The webinar was attended by 245 students and the Board was pleased to note the level of interest from attendees as gauged by volume of questions that were received during the webinar. The Board held a similar webinar in 2016, and it is our intention that this webinar will become a yearly event to help prepare new and soon-to-be graduates who are embarking on their occupational therapy careers. We view these webinars as an important and valuable opportunity to engage with students from across the country.
To view the webinar video and supporting resources, visit the Board’s new graduates page.
On 30 January 2018 Australian Health Ministers announced new and reappointments to the Board. The vacancies were primarily a result of the schedule triennial expiry of terms for Chairs, practitioner members and community members across the Board and three other National Boards.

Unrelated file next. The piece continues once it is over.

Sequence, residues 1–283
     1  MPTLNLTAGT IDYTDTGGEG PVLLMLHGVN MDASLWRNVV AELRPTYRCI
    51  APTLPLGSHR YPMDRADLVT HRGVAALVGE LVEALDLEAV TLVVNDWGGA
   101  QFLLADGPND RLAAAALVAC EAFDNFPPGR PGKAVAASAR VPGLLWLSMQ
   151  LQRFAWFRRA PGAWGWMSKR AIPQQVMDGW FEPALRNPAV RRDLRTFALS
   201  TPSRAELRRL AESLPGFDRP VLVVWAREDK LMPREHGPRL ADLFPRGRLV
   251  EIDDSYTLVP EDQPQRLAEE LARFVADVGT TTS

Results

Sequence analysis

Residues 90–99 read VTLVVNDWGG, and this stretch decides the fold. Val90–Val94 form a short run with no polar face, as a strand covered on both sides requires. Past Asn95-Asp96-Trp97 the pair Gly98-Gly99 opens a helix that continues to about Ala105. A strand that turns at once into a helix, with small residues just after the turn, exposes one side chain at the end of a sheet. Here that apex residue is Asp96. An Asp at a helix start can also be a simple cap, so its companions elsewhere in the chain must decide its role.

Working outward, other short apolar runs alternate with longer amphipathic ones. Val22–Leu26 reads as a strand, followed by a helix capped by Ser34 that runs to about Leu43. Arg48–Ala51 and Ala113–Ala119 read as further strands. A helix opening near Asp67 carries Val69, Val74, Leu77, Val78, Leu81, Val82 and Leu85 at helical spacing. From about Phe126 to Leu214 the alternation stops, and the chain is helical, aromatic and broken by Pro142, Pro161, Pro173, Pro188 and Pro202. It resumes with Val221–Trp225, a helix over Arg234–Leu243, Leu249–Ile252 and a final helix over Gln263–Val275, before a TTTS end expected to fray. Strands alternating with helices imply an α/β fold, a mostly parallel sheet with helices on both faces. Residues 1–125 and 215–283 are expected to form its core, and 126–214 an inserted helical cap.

Appointments to the Board were:
Ms Louise Johnson continues in her role as community member, with a term expiring in May 2018.
Outgoing Board members Dr Katherine Moore and Ms Louisa Scott were members of the Board since its inception and contributed significantly to the regulation of the profession.
A full profile of all Board members can be found on the Board’s website.
AHPRA and the National Boards have launched a new self-assessment tool to help health practitioners and other advertisers check and correct their advertising.
All registered health practitioners need to make sure they meet their professional and legal obligations when advertising their services. The tool was developed in consultation with National Boards and with feedback from AHPRA’s Professions Reference Group.
The tool is easy to use and asks users to consider a number of questions about their advertising which can help them understand if it is in breach of the Guidelines for advertising regulated health services, and in turn the National Law.
The self-assessment tool is the latest of a series of advertising resources for practitioners, healthcare providers and other advertisers of regulated health services to use to help them stay in line with the law.
This work is part of a broader strategy ‒ the Advertising compliance and enforcement strategy for the National Scheme ‒ which started last year. The strategy has met a number of its targets since its launch including clear, concise and helpful correspondence for when AHPRA receives a complaint about advertising and new resources such as: